Despite many challenges, Unit Precast installs an on-site wastewater treatment plant in the dead of winter for a private golf course.
By Shari Held
During the summer months, celebrities flock to the Township of Muskoka Lakes, Ontario, and scenic “Cottage Country.” The area is known for its upscale cottages, resorts and “Millionaire’s Row” as well as picturesque lakes, acres of lush green forests.
According to Golf Inc. magazine, Ontario is home to more than a third of Canada’s golf courses, and golf is considered by many Canada’s No. 1 recreational sport.
Located in the township’s municipal seat of Port Carling since August 1922, Muskoka Lakes Golf and Country Club has been offering its members a place to play tennis and golf, enjoy water sports and dine in a beautiful, tranquil setting. The private club features a waterfront clubhouse and a par 70, Stanley Thompson-designed 18-hole golf course.
In 2018, it was evident the club’s septic system was no longer adequate for its current needs, much less its future needs.
“The existing septic tanks and beds were both undersized and appeared to be nearing the end of their useful life, as evidenced by the build-up of biomass in the active beds,” said Mateusz Lewandowski, former engineer for water infrastructure for southern Ontario-based Cole Engineering Group, now part of IBI Group.
In addition, the club planned to expand the clubhouse and increase its services. It was the perfect time to replace the septic system. From the beginning, the project was on a fast track. It was designed in 2018, approved late 2019 and completed in 2020.
“Projects don’t often happen that quickly,” said Scott Robinson, managing director for Unit Precast, based in Breslau, Ontario. Unit Precast fabricated the new precast concrete wastewater treatment system and installed the technical equipment for the project.
THE WASTEWATER SYSTEM DESIGN
When it comes to on-site or decentralized wastewater treatment systems, several options exist, such as activated sludge, trickling filter and moving bed biofilm reactor (MBBR) process.
RH2O North America, a designer and manufacturer of decentralized wastewater treatment systems located in Breslau, Ontario, designed an MBBR process for the Muskoka Lakes Golf and Country Club. It is a relatively new process that originated in Norway. At its core is a biofilm carrier media that optimizes biofilm growth to treat the wastewater. The media is self-cleaning, does not clog and is designed to never need replacing.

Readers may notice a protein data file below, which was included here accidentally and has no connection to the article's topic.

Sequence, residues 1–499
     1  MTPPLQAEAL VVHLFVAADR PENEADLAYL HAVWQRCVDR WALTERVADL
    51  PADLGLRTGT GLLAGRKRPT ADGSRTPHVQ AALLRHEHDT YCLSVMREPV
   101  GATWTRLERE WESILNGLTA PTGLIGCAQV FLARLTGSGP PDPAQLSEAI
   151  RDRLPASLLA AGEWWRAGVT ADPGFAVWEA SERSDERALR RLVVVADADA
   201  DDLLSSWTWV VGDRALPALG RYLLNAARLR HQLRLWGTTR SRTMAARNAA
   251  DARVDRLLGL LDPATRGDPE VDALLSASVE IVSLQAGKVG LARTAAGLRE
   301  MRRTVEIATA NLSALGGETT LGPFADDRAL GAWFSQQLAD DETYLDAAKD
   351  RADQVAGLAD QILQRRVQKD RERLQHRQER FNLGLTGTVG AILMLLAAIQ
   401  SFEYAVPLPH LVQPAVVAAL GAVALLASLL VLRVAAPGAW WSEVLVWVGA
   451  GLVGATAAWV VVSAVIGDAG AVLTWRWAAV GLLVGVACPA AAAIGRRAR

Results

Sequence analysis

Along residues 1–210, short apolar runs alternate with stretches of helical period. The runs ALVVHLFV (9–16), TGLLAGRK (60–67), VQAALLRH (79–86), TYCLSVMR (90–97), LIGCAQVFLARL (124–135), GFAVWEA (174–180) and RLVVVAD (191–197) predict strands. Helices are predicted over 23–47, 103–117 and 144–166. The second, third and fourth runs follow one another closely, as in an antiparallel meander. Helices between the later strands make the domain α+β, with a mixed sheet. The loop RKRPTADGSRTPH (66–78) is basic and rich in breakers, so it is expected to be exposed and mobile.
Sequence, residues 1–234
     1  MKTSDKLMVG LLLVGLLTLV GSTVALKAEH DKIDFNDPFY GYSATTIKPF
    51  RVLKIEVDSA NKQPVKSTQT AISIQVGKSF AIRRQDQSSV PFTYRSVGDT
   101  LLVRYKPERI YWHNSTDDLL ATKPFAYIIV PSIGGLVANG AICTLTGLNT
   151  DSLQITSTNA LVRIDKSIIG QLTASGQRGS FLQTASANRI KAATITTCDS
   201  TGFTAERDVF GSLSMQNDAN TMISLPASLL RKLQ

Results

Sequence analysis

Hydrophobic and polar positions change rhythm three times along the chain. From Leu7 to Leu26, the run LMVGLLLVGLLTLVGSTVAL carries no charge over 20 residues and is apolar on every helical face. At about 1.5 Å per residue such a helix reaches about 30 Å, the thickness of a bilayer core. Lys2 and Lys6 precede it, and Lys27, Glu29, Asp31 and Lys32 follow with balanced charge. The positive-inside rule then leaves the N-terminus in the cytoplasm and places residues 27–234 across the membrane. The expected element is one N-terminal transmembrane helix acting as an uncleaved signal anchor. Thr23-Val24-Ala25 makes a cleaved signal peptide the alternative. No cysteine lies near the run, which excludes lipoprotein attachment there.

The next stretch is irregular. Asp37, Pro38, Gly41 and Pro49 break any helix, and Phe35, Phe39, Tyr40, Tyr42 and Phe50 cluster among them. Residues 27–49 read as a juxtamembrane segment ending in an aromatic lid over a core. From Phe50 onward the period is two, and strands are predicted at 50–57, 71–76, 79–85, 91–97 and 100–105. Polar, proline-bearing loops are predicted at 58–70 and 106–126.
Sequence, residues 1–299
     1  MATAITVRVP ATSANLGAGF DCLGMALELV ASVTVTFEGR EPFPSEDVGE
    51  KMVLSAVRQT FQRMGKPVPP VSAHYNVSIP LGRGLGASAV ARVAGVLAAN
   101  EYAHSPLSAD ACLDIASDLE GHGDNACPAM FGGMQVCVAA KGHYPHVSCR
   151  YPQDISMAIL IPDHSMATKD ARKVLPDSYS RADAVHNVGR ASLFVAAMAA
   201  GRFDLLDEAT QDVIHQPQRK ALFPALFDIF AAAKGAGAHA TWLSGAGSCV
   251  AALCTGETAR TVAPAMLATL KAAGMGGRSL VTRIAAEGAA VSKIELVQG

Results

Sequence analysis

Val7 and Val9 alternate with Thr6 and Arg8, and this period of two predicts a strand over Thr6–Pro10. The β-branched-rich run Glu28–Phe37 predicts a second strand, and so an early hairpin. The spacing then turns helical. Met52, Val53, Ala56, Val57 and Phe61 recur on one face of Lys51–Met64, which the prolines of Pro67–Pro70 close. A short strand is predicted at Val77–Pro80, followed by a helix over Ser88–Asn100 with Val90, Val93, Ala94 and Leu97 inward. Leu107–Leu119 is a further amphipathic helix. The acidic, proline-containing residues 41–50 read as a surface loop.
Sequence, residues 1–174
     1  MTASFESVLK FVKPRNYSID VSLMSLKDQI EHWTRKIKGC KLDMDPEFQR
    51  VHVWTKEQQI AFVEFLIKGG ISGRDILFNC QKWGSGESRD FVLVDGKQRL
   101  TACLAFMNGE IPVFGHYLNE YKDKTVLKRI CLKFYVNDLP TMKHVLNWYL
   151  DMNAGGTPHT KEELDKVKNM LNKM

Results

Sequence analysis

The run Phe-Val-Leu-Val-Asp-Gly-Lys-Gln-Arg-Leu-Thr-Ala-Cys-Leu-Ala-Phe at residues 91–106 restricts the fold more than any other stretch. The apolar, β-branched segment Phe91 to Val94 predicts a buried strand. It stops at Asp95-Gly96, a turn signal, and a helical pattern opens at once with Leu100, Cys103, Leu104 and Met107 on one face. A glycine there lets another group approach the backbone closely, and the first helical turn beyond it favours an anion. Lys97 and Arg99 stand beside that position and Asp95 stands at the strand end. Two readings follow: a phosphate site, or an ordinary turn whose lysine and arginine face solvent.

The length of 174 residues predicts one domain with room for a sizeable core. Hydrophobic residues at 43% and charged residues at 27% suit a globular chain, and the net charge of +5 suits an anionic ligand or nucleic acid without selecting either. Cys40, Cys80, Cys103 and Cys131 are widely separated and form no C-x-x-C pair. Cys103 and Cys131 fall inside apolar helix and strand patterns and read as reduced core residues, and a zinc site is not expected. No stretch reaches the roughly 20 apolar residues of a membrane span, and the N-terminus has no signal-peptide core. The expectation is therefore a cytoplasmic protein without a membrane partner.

RH2O has manufactured MBBR wastewater treatment systems for commercial on-site plants since 2006 and has tailored the technology for optimal performance in the Canadian climate.
The MBBR biological process combines the benefits of the activated sludge and attached growth wastewater treatment processes. It can remove carbon and ammonia in a small footprint, which was important since space was tight for this project. The Muskoka Lakes Golf and Country Club also hosts private parties and weddings during the period between the peak season and the offseason. A typical septic bed is not designed to meet the demands of the club’s kitchen during those events.
“The MBBR system would allow us to meet the Ministry of Environment, Conservation and Parks’ effluent criteria, which is why it was selected,” Lewandowski said.
The club’s wastewater treatment system was custom designed for 32,000 liters of wastewater per day to serve the clubhouse, staff quarters and pro shop. The system was designed to treat higher-than-domestic-strength wastewater with influent up to 500 mg/L BOD5 (biological oxygen demand), 400 mg/L of TSS (total suspended solids), 100 mg/L TKN (total Kjeldahl nitrogen) and 10 mg/L of TP (total phosphorus).
The system also features a dissolved oxygen (DO) sensor to automatically adjust the aeration system and reduce energy costs. It has a programmable logic controller (PLC) control panel, which allows the settings on the wastewater system to be changed remotely. The mechanicals are housed in an exposed aggregate precast control building.
The wastewater treatment system consists of eight precast tanks:
- 1 8,000 IG (imperial gallon) flow equalization tank with duplex and vortex sewage pumps.
- 1 8,000 IG sludge storage tank.
- 1 2,400 IG pretreatment or primary clarifier tank.
- 2 3,000 IG bioreactor tanks for the MBBR processes.
- 1 3,300 IG clarifier tank for intermediate clarification process.
- 1 3,000 IG final clarifier tank.
- 1 3,000 IG final pump tank that pumps the effluent wastewater to multiple disposal beds.
PRECAST: A GREAT FIT
With an MBBR system, the tanks can be made of precast concrete, fiberglass or polyethylene. The existing septic tanks were precast, and the club liked the way they had performed, but precast was the clear choice for this project for several other reasons, too.